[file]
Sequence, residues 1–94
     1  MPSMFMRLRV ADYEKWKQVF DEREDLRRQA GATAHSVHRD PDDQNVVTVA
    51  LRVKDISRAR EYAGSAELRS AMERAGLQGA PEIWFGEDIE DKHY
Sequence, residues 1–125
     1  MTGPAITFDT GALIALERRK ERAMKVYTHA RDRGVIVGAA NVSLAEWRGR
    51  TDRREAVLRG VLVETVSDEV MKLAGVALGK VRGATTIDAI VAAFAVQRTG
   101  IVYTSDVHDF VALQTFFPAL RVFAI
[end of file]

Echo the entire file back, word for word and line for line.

Sequence, residues 1–94
     1  MPSMFMRLRV ADYEKWKQVF DEREDLRRQA GATAHSVHRD PDDQNVVTVA
    51  LRVKDISRAR EYAGSAELRS AMERAGLQGA PEIWFGEDIE DKHY
Sequence, residues 1–125
     1  MTGPAITFDT GALIALERRK ERAMKVYTHA RDRGVIVGAA NVSLAEWRGR
    51  TDRREAVLRG VLVETVSDEV MKLAGVALGK VRGATTIDAI VAAFAVQRTG
   101  IVYTSDVHDF VALQTFFPAL RVFAI